The Ramban (Nachmanides, 1194-1270) understood this verse as the Biblical source for the mitzvah to settle and build up the Land of Israel:
“You shall take possession of the Land and settle it; for I have given you the Land to possess it” (Num. 33:53)
The following remarkable story was told by Mr. Yigal Gal-Ezer, who served as Israel’s vice state comptroller. In his younger days, Gal-Ezer would often visit Rav Kook’s home in order to be inspired by his holy presence.
During one of my visits, I found the rabbi in his study, absorbed in a complex Talmudic topic. Suddenly I heard a hesitant knocking at the door. The door opened partially, and a Yemenite Jew — slight of stature, with streaks of white in his beard and long peiyot — entered the room.
The guest closed the door behind him and stood in the doorway, his back to the door. He lowered his head to the floor, afraid to look at the rabbi directly.
Rav Kook raised his eyes from his Talmud and looked at the man kindly. “Come closer, my son.” With a gentle voice, the rabbi tried to instill confidence in the visitor.
With slow steps, the man drew near to the rabbi’s desk. He remained standing, head down.
“What is disturbing you, my son?”
“Honored rabbi,” the Yemenite said. “I came to ask the rabbi an important question.”
“Ask, my son, ask.”
“For twenty-five years, I have performed backbreaking labor, from morning to evening. I weeded plots of land so that orchards could be planted. I planted saplings, dug up stones from fields, excavated foundations for buildings in Eretz Yisrael. I spent all my strength in exhausting manual labor. And yet I barely earn enough to support my family.”
Embarrassed, the Yemenite lowered his voice. “I would like to ask: is it permissible for me to immigrate to America? Perhaps there my fortune will shine and I will be able to properly support my family....” The visitor finished his short speech and remained standing in silence.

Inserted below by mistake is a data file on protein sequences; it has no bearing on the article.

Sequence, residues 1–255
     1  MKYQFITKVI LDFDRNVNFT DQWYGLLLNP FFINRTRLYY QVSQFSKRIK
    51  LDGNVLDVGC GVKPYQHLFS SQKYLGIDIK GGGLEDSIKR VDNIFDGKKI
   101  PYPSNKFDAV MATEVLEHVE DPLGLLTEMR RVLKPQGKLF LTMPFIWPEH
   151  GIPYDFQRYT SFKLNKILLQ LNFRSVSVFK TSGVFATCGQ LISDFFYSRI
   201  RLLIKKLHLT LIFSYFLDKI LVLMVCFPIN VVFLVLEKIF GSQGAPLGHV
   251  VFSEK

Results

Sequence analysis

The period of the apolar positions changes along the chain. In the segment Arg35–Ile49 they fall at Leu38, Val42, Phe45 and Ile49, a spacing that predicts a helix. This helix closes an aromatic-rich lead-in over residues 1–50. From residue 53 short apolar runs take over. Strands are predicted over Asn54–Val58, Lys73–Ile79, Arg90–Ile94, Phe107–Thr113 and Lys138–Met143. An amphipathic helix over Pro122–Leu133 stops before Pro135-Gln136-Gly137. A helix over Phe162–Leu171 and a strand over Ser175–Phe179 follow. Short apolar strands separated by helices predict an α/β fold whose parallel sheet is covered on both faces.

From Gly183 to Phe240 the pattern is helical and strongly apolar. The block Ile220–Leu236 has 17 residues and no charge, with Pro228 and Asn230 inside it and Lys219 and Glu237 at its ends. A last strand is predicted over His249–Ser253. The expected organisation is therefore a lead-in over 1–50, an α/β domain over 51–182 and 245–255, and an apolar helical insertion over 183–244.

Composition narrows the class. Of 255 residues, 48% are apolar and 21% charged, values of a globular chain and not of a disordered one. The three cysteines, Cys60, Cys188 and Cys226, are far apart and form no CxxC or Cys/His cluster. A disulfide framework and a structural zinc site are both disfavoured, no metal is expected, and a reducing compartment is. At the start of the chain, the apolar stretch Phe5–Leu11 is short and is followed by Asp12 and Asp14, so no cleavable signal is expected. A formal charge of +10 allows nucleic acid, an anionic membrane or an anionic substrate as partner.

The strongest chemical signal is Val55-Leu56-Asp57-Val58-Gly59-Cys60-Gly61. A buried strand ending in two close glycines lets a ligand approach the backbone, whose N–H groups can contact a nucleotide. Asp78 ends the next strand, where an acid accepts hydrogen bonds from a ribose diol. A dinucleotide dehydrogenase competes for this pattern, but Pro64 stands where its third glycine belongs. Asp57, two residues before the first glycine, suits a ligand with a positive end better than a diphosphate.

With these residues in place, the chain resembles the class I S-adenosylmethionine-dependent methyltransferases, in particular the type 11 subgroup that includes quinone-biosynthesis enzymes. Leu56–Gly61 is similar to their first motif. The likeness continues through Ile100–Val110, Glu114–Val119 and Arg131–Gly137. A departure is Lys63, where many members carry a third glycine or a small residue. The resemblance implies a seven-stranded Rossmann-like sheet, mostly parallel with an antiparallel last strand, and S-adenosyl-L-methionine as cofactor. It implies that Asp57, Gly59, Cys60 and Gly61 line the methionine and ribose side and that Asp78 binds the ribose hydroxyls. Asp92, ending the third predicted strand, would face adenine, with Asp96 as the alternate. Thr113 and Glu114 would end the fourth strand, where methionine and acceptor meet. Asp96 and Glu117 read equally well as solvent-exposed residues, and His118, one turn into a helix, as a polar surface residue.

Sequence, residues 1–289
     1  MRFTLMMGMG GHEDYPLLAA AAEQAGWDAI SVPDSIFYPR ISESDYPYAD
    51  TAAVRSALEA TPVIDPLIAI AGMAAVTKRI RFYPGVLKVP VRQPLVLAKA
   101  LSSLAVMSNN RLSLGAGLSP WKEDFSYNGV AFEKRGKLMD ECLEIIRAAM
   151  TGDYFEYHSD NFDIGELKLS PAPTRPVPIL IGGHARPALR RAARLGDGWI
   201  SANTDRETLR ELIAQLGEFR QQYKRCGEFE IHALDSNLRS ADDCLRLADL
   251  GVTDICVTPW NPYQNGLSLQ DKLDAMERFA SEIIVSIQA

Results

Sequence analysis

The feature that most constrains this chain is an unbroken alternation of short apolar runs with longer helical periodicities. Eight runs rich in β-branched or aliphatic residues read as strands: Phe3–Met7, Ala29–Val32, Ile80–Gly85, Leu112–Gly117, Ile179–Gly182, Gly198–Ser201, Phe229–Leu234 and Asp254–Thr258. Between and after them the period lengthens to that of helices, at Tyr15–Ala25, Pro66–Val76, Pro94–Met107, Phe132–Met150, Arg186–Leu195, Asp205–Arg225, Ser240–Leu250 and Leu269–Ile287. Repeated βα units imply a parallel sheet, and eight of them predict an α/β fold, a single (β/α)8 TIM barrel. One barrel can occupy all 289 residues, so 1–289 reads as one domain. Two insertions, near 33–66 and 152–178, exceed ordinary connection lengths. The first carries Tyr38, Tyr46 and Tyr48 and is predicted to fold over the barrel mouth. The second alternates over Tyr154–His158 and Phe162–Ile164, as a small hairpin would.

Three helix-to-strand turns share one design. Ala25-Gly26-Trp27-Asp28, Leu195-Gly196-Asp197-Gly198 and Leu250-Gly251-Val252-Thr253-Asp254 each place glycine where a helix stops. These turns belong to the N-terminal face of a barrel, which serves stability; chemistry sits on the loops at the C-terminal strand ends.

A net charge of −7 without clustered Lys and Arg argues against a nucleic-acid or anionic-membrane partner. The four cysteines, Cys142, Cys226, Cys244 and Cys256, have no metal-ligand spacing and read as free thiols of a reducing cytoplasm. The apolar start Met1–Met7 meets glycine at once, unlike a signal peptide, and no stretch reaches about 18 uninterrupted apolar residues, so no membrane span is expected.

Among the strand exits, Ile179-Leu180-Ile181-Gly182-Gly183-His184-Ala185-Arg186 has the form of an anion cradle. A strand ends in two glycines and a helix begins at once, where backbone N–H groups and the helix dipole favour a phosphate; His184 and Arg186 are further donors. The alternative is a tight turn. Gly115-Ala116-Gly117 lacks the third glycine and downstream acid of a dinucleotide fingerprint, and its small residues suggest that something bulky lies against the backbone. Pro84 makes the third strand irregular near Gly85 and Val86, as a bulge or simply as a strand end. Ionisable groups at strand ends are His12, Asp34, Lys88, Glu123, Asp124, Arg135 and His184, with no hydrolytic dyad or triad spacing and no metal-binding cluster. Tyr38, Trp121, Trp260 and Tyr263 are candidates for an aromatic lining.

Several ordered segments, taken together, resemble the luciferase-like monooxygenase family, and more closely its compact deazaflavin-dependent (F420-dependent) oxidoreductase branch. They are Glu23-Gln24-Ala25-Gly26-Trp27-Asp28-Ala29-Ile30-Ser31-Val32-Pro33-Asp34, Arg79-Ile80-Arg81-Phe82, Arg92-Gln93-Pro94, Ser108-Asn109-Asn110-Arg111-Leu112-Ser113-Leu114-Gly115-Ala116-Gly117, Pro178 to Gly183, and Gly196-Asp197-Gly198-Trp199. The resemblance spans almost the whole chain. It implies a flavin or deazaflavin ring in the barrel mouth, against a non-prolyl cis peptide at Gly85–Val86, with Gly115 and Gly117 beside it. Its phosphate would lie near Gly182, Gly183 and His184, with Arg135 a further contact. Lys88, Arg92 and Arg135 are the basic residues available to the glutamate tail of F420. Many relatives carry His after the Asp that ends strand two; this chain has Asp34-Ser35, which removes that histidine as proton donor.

For several minutes, Rav Kook sat, deep in thought. Abruptly, he stood up, pointed to his chair and commanded the man, “Sit.”
The visitor became filled with trepidation. “Honored Rabbi,” he stammered. “It is improper that a stranger should sit on your chair.”
“Sit,” the rabbi repeated.
With short, reluctant steps, the Yemenite walked around the desk until he came to the rabbi’s chair. He slowly lowered himself into the seat.
As soon as he sat down, his head dropped to the desk and he fell into a deep sleep. A short while later, he woke, startled.
“What happened when you slept?” asked the Rav.
“I dreamt that I had passed on to the next world,” he reported. “My soul ascended to heaven. When I reached heaven’s gates, there was an angel standing at the entrance who directed me to the heavenly court. There I saw scales — scales of justice.”
The Yemenite laborer continued his account. “Suddenly, carriages drawn by horses rushed in front of me. The carriages were loaded with packages. Some of the packages were small, some were medium-sized, and some were large. The angels began unloading the packages, and they placed them on one side of the scales. That side of the scales plunged downwards due to the weight, until it nearly reached the ground.”
“What is the meaning of these packages?” I asked the angel standing before me.
“These, o mortal, are your sins and faults from your days on earth. Everything is accounted for,” he replied. My spirits fell.
Then other carriages arrived. These carriages were loaded with dirt, rocks, stones, and sand. As the angels loaded them on the other side of the scales, it began to lift up — slightly — the side of sins and transgressions.
“What is the meaning of these bundles of dirt?” I asked.
“These are the stones, rocks, and dirt which your hands labored to remove from the ground of the Holy Land. They have come to speak in your defense, for your part in the mitzvah of yishuv ha’aretz, settling the Land of Israel.”
“Trembling, I stared at the side of merits. I saw it dipping lower and lower, lifting the opposite side. Finally the side of merits ceased moving. It stopped as it outweighed the sins — but just barely.”
“You see, my son,” Rav Kook told the man gently. “You have received your answer from heaven.”
(Stories from the Land of Israel. Adapted from Malachim Kivnei Adam, pp. 321-322)
Illustration image: Photo of Jewish pioneers carting soil over the sands of Tel Aviv (1910)